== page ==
Testicular cancer is a highly treatable cancer and can be effectively treated, and often cured, if diagnosed and treated early. Advanced testicular cancer can also be cured with treatment including:
- Orchiectomy (surgical removal of the affected testis), done under general anaesthetic
- Chemotherapy or radiotherapy, often prescribed after surgery to treat any remaining cancer cells that may have spread to other parts of the body, such as lymph nodes
Testicular cancer and the removal of one testicle should not alter your ability to have sex or have children. The effect on fertility following removal of one of the testicles is minimal as a single testicle produces such large numbers of sperm. Men with testicular cancer should talk to their oncologist about sperm banking before commencing chemotherapy or radiation therapy.
So, know your nuts - it's that simple!
The best thing you can do for your testicles is give them a bit of a feel each month or so, and if something doesn’t seem right, head to the doctor. If you notice a change in size or shape, a lump that wasn’t there before, or if they become painful to touch, see a doctor. Don’t panic but do get it checked out.
Men are more likely than women to drink excessively. Excessive drinking is associated with significant increases in short-term risks to health and safety, and the risk increases as the amount of drinking increases. Men are also more likely than women to take other risks (e.g., drive fast or without a safety belt), when combined with excessive drinking, further increasing their risk of injury or death.
Drinking levels among men
• Approximately 58% of adult men report drinking alcohol in the last 30 days
• Approximately 23% of adult men report binge drinking 5 times a month, averaging 8 drinks per binge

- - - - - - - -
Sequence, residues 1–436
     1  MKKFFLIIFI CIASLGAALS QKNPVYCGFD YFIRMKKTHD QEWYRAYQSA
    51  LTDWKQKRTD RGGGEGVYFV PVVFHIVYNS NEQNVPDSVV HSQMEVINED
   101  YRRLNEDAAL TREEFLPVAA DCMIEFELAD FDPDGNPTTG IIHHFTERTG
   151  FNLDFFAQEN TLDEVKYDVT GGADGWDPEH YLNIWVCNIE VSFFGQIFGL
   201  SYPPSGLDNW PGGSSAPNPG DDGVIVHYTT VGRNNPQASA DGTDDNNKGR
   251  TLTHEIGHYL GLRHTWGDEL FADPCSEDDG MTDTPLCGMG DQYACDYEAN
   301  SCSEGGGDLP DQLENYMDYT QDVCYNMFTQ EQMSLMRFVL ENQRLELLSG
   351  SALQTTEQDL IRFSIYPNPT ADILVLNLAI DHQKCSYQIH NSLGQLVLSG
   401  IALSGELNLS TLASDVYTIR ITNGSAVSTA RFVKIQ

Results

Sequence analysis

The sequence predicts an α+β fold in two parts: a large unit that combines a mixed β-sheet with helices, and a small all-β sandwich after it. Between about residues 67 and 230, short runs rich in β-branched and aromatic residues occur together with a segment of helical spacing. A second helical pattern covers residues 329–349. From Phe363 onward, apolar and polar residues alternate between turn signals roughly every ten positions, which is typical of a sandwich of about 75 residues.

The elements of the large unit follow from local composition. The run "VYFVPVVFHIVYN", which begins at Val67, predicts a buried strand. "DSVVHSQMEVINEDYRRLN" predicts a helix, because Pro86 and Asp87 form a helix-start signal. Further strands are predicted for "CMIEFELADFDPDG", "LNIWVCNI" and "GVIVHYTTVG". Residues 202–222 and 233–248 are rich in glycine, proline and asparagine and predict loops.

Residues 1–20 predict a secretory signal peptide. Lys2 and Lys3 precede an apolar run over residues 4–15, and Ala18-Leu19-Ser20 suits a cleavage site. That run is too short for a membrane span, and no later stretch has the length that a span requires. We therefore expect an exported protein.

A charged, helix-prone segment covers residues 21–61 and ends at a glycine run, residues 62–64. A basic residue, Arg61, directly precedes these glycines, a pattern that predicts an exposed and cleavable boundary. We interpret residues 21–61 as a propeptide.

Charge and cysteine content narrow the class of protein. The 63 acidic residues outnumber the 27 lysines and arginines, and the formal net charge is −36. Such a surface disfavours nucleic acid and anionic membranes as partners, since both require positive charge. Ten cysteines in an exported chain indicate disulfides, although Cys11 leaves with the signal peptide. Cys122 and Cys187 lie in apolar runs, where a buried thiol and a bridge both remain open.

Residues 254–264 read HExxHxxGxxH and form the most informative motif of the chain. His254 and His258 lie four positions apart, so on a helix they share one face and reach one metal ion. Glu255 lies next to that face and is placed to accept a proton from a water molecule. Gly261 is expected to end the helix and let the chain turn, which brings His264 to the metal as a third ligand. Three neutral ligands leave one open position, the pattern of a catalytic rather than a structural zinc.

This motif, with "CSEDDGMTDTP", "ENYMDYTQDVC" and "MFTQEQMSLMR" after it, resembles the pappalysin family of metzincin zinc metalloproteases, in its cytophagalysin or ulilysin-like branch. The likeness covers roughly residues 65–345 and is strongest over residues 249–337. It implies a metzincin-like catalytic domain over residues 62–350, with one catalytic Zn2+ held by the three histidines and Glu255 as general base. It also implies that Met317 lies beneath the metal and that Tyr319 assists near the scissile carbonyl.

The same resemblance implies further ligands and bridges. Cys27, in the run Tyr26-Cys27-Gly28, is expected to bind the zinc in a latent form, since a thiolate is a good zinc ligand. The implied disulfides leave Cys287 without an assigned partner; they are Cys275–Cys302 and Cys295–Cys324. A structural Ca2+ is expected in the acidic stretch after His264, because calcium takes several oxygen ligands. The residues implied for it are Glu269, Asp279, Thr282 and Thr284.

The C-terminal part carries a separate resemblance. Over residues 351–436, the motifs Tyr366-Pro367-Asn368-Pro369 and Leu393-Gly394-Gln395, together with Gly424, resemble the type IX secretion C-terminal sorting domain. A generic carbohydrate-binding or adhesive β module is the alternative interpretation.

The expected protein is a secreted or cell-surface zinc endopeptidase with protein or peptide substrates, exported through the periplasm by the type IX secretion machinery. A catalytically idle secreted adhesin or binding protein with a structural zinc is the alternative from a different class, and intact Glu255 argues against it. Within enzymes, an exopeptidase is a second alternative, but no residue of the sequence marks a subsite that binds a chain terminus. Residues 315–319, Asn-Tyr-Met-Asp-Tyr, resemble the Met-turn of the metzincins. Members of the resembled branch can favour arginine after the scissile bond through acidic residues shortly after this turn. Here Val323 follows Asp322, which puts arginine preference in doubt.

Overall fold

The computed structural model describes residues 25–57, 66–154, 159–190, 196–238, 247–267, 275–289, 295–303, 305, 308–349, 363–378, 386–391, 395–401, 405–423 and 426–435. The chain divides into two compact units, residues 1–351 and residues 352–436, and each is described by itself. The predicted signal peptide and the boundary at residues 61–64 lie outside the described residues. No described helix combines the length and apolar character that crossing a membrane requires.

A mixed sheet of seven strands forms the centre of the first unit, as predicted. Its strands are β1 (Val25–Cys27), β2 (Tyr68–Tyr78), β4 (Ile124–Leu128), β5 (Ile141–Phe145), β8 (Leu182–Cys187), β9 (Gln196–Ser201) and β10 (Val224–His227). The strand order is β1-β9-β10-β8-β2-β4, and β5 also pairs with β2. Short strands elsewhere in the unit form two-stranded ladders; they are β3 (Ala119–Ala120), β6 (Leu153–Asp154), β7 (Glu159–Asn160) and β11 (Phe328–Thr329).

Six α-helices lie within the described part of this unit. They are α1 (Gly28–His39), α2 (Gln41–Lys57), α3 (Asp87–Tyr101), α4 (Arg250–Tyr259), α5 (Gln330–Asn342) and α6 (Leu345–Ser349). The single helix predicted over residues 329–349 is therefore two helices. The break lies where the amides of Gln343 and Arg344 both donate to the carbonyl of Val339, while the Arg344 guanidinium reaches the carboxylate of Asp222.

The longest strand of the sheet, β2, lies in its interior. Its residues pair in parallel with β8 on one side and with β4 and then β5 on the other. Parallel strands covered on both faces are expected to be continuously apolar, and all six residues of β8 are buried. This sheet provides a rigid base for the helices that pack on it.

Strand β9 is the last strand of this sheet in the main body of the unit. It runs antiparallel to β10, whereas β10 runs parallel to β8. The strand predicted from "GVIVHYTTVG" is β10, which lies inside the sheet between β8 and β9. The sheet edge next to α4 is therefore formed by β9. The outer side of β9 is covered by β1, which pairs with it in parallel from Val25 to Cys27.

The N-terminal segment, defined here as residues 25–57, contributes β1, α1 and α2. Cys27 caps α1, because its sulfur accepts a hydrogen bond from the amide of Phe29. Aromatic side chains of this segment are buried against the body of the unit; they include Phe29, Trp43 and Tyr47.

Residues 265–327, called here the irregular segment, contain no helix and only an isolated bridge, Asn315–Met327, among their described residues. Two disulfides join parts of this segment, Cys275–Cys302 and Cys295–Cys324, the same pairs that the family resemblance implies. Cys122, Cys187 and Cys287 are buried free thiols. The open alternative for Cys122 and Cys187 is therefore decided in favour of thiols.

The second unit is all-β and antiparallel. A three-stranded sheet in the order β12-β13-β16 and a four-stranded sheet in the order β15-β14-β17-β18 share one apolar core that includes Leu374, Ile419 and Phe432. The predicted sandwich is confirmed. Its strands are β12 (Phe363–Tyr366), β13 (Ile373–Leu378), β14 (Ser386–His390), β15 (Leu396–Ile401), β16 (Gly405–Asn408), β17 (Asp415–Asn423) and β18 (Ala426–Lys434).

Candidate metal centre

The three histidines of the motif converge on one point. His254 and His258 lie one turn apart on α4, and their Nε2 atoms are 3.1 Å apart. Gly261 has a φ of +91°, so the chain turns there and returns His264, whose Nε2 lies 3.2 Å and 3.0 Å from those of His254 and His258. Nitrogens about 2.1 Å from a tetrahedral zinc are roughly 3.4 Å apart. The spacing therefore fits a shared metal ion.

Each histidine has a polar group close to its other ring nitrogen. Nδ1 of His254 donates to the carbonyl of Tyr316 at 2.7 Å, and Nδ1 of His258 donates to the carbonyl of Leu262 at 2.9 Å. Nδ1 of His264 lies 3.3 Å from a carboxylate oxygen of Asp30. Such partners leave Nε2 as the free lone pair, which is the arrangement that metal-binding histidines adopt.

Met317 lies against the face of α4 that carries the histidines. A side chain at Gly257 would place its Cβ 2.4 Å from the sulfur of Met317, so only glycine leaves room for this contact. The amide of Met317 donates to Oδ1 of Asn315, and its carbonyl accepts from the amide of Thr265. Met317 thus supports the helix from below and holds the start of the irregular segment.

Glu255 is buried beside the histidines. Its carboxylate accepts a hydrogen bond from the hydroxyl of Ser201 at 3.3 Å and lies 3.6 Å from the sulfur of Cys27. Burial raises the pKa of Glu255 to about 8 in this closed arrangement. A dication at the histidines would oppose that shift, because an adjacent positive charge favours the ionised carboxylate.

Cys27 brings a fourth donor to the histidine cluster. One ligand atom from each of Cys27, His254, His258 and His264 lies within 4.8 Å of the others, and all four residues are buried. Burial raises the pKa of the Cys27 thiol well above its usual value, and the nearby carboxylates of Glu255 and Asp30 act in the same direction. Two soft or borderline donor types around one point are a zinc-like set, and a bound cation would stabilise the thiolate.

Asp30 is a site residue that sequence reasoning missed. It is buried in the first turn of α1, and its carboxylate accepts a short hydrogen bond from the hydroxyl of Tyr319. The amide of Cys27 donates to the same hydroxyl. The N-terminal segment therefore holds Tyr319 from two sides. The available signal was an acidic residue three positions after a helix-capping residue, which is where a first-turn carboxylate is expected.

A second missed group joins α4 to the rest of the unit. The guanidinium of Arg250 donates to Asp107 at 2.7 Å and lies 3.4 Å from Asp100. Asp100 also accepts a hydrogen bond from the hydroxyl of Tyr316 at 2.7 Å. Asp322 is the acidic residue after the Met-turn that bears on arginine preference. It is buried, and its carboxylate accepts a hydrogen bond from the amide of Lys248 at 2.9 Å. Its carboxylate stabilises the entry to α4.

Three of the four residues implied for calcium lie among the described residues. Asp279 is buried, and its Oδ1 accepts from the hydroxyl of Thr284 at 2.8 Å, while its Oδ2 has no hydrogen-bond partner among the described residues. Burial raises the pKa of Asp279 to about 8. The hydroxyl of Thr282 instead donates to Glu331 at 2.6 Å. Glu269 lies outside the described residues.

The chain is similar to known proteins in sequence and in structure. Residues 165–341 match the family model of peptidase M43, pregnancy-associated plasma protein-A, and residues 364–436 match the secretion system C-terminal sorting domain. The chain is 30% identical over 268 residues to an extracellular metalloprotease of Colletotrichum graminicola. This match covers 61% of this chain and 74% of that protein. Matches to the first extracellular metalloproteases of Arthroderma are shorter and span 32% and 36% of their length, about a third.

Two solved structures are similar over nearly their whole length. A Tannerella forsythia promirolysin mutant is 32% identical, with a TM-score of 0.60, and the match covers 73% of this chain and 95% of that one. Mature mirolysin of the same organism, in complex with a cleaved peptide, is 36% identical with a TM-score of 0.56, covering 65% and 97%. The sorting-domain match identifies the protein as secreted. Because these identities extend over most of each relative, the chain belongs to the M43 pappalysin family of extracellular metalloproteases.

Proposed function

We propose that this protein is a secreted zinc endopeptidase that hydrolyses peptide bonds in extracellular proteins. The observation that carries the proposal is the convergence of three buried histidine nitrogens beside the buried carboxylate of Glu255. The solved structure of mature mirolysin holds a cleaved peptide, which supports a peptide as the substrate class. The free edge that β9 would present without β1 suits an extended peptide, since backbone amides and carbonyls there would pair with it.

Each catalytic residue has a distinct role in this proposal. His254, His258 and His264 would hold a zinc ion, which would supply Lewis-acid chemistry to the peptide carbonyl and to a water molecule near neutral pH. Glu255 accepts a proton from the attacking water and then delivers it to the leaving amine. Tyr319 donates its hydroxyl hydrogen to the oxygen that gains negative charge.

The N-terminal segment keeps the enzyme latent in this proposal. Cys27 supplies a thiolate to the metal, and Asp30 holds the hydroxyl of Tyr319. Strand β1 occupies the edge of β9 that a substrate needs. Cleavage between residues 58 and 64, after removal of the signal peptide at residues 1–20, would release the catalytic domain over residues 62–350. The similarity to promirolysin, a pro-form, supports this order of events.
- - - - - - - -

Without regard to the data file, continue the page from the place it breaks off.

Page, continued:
• Men are almost two times more likely to binge drink than women
• Most (90%) people who binge drink are not alcoholics or alcohol dependent
• About 4.5% of men and 2.5% of women met the diagnostic criteria for alcohol dependence in the past year
Injuries and deaths because of excessive alcohol use
• Men consistently have higher rates of alcohol-related deaths and hospitalizations than women.
• Among drivers in fatal motor-vehicle traffic crashes, men are almost twice as likely as women to have been intoxicated
(i.e., a blood alcohol concentration of 0.08% or greater).
• Excessive alcohol consumption increases aggression and, as a result, can increase the risk of physically assaulting another person.
• Men are more likely than women to commit suicide, and more likely to have been drinking prior to committing suicide.
Reproductive Health and Sexual Function
Excessive alcohol use can interfere with testicular function and male hormone production resulting in impotence, infertility, and reduction of male secondary sex characteristics such as facial and chest hair. Excessive alcohol use is commonly involved in sexual assault. Also, alcohol use by men increases the chances of engaging in risky sexual activity including unprotected sex, sex with multiple partners, or sex with a partner at risk for sexually transmitted diseases.